Issue of the week: The feds home in on Steven Cohen

The government has launched an insider-trading investigation against SAC Capital.

Hedge-fund giant Steven Cohen is in the feds’ crosshairs, said Patricia Hurtado and Katherine Burton in U.S. Attorney Preet Bharara has extracted guilty pleas from several former employees of Cohen’s $13 billion SAC Capital, and that could lead to ominous consequences for Cohen himself. Two former traders, Noah Freeman and Donald Longueuil, have confessed to insider trading while working for SAC. Some of their ill-gotten stocks may have ended up in an account Cohen set up to capture “the best trading ideas unearthed” by his traders, who are free to pursue their own strategies and are richly rewarded when they pan out. For now, “Cohen probably has nothing to worry about,” said John Carney in Even if Longueuil and Freeman bought tainted stocks for Cohen’s account, prosecutors still have to prove that he knew they had been purchased after “illegal tips.” Still, I’m sure Cohen “would very much like to stop seeing SAC Capital in the same headlines as the phrase ‘illegal trading.’”

Maybe so, but it clearly takes more than a measly insider-trading investigation to keep Cohen from living large, said Peter Lattman and Andrew Ross Sorkin in The New York Times. Last week, the once-secretive hedge-fund operator attended a gala at New York’s Metropolitan Museum of Art, where he “rubbed elbows with the rock star Mick Jagger and the quarterback Tom Brady.” Earlier this year he attended his first World Economic Forum in Davos, Switzerland, where he was seen “dancing the night away at a private party.” In December, at the Basel art fair, he dropped $300,000 on two artworks in five minutes—pocket change for Cohen, whose $8 billion net worth earns him the No. 35 spot on Forbes magazine’s U.S. rich list. And he’s bidding to buy 49 percent of the New York Mets from their financially beleaguered owners. That’s hardly the behavior one would expect from a man who feels the hot breath of federal prosecutors on his neck.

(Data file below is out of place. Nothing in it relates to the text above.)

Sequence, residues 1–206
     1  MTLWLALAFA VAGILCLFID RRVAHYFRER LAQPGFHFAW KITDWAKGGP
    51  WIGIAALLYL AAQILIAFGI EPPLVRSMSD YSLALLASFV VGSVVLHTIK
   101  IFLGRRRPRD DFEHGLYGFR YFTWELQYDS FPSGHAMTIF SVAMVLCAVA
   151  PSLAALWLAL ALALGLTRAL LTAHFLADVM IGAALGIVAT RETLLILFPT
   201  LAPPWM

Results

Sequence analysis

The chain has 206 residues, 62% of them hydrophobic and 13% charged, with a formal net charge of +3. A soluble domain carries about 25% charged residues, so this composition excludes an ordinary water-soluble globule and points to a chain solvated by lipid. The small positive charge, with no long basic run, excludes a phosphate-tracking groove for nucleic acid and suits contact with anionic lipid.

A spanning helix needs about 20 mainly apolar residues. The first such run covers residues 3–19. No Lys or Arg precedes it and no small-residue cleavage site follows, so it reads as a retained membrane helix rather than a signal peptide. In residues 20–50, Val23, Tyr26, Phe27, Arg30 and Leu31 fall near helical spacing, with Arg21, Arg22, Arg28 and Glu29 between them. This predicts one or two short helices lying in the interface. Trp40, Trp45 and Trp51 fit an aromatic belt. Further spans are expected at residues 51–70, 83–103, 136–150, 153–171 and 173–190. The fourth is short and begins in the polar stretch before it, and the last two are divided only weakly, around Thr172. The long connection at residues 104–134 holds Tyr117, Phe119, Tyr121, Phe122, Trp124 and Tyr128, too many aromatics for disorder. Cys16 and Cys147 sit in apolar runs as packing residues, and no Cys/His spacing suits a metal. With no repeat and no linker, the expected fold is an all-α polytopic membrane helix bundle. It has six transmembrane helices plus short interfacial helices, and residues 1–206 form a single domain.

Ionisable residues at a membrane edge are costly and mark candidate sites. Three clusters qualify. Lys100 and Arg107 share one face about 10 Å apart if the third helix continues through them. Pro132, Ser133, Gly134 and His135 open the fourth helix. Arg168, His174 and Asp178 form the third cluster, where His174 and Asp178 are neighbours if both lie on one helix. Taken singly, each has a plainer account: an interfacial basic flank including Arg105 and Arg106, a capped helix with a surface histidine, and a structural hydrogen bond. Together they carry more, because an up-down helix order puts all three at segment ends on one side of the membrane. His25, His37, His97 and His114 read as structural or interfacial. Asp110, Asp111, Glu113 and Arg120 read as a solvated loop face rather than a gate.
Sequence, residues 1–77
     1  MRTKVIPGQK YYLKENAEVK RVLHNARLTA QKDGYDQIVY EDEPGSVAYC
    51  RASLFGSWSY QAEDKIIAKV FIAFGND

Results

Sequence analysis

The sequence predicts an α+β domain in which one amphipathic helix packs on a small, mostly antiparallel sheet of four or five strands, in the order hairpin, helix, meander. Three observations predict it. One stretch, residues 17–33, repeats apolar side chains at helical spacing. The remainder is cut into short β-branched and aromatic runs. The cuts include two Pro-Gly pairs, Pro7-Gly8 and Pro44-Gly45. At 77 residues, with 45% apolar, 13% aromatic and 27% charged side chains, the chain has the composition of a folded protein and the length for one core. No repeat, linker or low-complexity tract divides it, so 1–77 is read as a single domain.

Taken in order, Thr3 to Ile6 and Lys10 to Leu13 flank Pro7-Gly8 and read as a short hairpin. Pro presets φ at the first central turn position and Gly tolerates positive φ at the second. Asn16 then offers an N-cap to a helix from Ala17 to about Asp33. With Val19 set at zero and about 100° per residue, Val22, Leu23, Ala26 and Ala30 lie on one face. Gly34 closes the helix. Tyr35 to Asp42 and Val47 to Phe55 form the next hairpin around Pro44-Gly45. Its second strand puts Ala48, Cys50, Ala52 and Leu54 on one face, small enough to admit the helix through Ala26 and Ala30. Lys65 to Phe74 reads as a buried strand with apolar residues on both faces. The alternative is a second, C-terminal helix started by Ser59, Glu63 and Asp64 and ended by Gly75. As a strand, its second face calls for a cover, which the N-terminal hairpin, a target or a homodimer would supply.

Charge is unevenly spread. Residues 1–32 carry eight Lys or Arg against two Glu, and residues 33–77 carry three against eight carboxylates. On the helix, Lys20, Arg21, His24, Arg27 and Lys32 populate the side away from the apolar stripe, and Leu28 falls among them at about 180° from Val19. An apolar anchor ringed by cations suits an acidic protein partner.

As a fan of the hapless Mets, I’m rooting for Cohen to escape prosecution, said Stephen Taub in Institutional Investor. “Just think of the possibilities if the Mets were owned by one of the most aggressive stock market traders around.” He’d hire “a crack code breaker” to steal opposing teams’ signs. He’d swing “high-profile trades involving unlikely individuals.” And if a big-ticket player failed to perform, Cohen wouldn’t “stubbornly hang on to him to save face.” In fact, as one of “the biggest control people on this planet,” Cohen is unlikely to stop with a minority stake in the franchise; he’ll want to go all the way. Hey, a Mets fan can dream, can’t he?

Subscribe to The Week

Escape your echo chamber. Get the facts behind the news, plus analysis from multiple perspectives.


Sign up for The Week's Free Newsletters

From our morning news briefing to a weekly Good News Newsletter, get the best of The Week delivered directly to your inbox.

From our morning news briefing to a weekly Good News Newsletter, get the best of The Week delivered directly to your inbox.

Sign up

Continue reading for free

We hope you're enjoying The Week's refreshingly open-minded journalism.

Subscribed to The Week? Register your account with the same email as your subscription.